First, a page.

Migration of polymorphonuclear leukocytes to the site of infection with T. vaginalis results in the inflammation of the affected area which can be the vagina or urethra in women and males respectively. There is profuse purulent discharge from the female vagina and possibly irritation or burning in males during urination. Though a non-ulcerating infection, T. vaginalis infection has been implicated in increasing the chances of HIV transmission in heterosexual intercourse just as is the case with other STIs including gonorrhea. T. vaginalis infection is chronic in females, and the infection is restricted to the cervix, vagina and vulva regions of the body. In males, the prostate and epididymis may be affected. The cidal action of prostate gland secretions makes T. vaginalis infections in this organ to be less sever and mild than in the urethra in males. The high levels of zinc present in prostatic secretions in males coupled with the preference of the parasite for squamous epithelium in females prevents the multiplication and dissemination of T. vaginalis beyond the lower urogenital tract.

Figure 1. Life cycle of Trichomonas vaginalis infection. CDC

Laboratory diagnosis of Trichomonas infection

T. vaginalis infection (vaginosis or urethritis) is diagnosed in the laboratory by requesting for a vaginal discharge specimen from infected female patients. Semen, urine or urethral secretions or swabs are requested from infected male patients. Wet film examination of any of these specimens under the microscope is still the principal way of diagnosing trichomoniasis in the laboratory. Clinical specimens are examined without delay after collection to investigate and demonstrate the motile forms of T. vaginalis (i.e. the trophozoites) which is the number one evidence for the presence of an actual infection. The undulating membrane and the flagella of the organism should be looked out for upon examination of clinical specimens. Other methods used for diagnosing trichomoniasis in the laboratory include serological investigations, culture, PCR tests and DNA probing tests. However, microscopical examination of specimens (i.e. wet-film examination) still remains the most effective and dependable tool for diagnosing possible T. vaginalis infection.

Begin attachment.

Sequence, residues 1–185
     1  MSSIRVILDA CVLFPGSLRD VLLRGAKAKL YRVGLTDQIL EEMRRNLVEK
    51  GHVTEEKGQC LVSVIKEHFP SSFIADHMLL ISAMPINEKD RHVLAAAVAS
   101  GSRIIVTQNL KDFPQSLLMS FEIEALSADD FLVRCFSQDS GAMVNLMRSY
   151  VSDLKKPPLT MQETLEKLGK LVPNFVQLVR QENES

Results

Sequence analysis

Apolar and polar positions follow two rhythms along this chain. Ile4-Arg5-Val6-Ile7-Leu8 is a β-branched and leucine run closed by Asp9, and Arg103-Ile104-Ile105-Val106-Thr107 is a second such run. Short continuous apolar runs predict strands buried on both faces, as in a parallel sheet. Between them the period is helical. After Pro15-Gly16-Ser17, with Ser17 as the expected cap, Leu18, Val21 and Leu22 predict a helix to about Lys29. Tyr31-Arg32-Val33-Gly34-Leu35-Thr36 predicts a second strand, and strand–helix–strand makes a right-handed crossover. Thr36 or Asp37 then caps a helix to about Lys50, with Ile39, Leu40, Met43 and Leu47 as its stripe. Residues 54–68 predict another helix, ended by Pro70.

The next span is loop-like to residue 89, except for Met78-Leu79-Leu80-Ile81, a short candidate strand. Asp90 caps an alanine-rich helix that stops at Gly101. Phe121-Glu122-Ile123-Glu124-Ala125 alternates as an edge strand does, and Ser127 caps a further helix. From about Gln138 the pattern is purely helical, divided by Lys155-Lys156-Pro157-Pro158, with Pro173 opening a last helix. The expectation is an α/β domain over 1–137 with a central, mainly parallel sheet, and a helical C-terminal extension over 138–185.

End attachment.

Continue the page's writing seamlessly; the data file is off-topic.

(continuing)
Treatment of Trichomonas infection

Trichomoniasis is treated with topical and systemic chemotherapeutic agents including metronidazole, clotrimazole, acetarsol, and tinidazole. Infected patient’s partner should also be examined and treated alongside their infected partner in order to prevent re-infection. Sex should also be discontinued as much as possible during the periods of treatment. Proper protection must be followed if infected partners must indulge in sexual activity in the course of therapy. The effective treatment of sexual contacts of both partners involved is necessary to prevent the re-infection of the disease in the individuals. While systemic chemotherapeutic agents such as metronidazole are used orally, topical agents including acetarsol and clotrimazole are applied at the vaginal region to ease infection and to restore the normal pH of the vagina which is very necessary to hold off invading pathogens. Patient’s compliance to their treatment regimens is critical to improving their health status as well.   

Control and prevention of Trichomonas infection

T. vaginalis infection accounts for one of the most widespread non-viral, non-bacterial STIs that affects over 100 million people worldwide. Though the infection occurs worldwide, trichomoniasis is more prevalent in the developing nations and other poor regions of the world. In countries were trichomoniasis are more common, infections amongst females have been discovered to surpass infection in males, and intimate sexual intercourse with infected individuals has been implicated as the underlying principle that perpetuates the spread and transmission of T. vaginalis infection in human population. Due to this development, a behavioural change in people’s sexual lifestyles is critical to controlling and preventing the spread of the disease. Because trichomoniasis may increase the chances of people contracting HIV, sexual intercourse should be done with caution and protection. Infected individuals should seek medical care, and quality and inexpensive healthcare should be made available in T. vaginalis endemic regions as support to slowdown the transmission of HIV and trichomoniasis in particular.